We’re sorry we missed this fascinating piece during our downtime: The New Republic's David Nirenberg reviews The Music Libel Against the Jews, a new book by distinguished, Jerusalem-born musicologist Ruth HaCohen.

Geoffrey Chaucer’s Prioress tells a tale of a young boy who learned by heart the Marian antiphon Alma redemptoris mater (“Mother of the Redeeming Spirit”) and sang it every day as he walked through the Jewish quarter, until one day an anti-antiphonal Jew, irritated by the music, slits his throat and throws his body in a privy. Then the Virgin makes the corpse sing so loudly from the pit that the Christians come running. Miraculously resuscitated, the boy tells his story, and all the Jews of the town are killed. It is this story that inspires the book’s powerful title.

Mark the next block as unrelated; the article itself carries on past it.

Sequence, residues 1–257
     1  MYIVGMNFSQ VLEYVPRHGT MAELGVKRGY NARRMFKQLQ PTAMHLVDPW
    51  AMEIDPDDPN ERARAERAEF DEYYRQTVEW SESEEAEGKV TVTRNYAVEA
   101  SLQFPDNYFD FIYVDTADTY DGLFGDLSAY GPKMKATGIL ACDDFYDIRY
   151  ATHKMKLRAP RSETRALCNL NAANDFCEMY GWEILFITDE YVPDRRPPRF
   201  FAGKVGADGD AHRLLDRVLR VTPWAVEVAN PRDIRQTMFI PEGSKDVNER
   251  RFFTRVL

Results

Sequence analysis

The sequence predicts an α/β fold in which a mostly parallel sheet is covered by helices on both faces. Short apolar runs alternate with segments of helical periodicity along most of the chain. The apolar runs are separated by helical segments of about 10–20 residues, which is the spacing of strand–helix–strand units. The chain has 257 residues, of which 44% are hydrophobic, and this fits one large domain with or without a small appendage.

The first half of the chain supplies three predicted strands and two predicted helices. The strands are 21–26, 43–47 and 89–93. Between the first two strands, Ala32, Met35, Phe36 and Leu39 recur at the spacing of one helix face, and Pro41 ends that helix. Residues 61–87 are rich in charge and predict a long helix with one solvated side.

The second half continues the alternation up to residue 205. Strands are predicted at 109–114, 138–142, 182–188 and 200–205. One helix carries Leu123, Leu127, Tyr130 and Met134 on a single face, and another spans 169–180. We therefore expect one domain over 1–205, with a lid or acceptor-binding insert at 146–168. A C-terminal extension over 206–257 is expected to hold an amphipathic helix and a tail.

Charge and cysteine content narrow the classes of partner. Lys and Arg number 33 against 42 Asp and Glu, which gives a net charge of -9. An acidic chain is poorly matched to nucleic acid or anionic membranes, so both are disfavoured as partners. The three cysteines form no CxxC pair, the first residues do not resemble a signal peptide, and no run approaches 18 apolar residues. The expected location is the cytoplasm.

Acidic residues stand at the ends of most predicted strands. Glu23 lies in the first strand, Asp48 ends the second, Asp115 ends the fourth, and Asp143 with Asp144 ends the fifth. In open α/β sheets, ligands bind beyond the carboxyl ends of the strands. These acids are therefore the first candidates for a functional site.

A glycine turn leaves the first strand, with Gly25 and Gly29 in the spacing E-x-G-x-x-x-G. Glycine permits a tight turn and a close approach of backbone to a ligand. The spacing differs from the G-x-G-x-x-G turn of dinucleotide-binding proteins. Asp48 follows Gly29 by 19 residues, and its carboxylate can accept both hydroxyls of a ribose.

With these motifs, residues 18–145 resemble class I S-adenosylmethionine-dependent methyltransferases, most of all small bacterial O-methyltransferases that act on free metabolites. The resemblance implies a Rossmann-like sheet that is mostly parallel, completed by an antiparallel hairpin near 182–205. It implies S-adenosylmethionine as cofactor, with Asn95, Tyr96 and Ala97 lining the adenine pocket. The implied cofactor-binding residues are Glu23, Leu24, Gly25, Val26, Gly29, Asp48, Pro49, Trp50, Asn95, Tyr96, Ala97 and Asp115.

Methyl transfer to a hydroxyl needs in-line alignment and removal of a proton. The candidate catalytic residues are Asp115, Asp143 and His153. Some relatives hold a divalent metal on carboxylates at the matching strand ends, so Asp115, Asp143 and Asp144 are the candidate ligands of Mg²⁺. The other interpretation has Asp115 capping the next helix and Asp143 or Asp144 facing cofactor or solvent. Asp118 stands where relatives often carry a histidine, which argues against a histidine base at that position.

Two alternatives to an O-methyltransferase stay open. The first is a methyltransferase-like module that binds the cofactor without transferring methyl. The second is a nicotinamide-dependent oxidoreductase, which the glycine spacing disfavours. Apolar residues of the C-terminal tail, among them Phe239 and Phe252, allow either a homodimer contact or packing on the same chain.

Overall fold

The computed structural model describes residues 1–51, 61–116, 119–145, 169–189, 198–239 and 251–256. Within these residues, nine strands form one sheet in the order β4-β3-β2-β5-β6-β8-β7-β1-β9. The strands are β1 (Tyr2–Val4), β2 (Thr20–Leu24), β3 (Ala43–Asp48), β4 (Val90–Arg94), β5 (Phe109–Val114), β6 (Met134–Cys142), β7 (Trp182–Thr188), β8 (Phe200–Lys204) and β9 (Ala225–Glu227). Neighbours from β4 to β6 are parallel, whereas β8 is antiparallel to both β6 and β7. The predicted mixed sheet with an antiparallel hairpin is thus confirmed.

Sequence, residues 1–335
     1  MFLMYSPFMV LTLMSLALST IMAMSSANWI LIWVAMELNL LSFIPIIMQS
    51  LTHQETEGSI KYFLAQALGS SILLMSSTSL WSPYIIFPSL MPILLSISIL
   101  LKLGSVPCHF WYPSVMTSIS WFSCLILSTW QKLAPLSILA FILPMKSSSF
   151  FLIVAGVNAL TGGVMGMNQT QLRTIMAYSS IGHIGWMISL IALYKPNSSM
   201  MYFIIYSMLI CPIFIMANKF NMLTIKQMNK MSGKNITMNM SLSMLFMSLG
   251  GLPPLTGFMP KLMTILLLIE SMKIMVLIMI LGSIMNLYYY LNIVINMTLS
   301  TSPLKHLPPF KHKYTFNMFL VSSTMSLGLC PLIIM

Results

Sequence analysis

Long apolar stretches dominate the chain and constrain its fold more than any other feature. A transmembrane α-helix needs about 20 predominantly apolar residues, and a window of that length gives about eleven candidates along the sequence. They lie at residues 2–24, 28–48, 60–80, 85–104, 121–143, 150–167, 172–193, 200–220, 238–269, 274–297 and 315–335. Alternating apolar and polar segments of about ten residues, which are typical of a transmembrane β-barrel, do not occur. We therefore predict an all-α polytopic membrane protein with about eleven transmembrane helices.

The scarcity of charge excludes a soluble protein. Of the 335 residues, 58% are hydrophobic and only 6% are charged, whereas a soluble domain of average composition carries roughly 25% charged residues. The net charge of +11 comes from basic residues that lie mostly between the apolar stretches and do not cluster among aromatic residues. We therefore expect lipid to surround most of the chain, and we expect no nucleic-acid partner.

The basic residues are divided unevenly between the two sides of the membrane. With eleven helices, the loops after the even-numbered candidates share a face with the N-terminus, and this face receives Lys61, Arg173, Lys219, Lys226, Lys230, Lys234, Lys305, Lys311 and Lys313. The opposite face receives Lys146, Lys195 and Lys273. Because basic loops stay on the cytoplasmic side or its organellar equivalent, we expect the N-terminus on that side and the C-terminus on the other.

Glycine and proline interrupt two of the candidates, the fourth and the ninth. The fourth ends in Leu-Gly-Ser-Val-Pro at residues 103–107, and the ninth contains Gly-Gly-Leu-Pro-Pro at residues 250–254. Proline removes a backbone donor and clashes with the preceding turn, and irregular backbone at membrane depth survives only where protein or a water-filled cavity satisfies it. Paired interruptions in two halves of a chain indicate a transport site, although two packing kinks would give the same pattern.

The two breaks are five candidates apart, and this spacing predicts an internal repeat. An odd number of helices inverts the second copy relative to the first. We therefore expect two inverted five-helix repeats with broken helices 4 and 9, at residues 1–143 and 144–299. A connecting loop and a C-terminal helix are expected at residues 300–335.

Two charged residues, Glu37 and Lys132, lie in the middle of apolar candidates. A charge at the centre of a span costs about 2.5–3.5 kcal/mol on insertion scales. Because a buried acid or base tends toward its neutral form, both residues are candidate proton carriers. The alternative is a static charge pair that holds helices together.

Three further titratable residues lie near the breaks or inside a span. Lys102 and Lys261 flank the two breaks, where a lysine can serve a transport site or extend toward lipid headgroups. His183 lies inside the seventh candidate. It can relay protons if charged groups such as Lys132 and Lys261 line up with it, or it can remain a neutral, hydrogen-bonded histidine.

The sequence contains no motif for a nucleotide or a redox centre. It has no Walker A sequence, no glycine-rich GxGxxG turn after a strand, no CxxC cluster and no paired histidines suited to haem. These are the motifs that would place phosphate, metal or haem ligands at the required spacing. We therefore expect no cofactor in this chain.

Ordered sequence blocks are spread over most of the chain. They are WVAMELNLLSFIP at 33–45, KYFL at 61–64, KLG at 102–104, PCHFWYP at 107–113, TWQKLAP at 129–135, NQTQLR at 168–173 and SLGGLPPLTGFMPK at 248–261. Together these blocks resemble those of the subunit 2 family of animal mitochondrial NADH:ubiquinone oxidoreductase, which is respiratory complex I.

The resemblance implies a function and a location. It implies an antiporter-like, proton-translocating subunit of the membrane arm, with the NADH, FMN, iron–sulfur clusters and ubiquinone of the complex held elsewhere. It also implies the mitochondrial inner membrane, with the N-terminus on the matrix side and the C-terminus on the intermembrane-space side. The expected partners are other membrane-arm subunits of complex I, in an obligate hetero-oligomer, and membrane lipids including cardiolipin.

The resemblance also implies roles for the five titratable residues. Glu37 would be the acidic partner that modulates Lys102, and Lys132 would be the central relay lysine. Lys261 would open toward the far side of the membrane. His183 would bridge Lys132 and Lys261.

Just remember to put those thinking caps on…

“The search, in this case, is conducted through modes of experience that have survived—however transfigured—in essentially different historical phases.” The goal is to recover these modes of experience (or “Dasein planes,” to use HaCohen’s Heideggerian term), and to string from them a narrative held together not by historical causality, but by a theory—in this case, Freud’s theory of trauma and traumatic memory.

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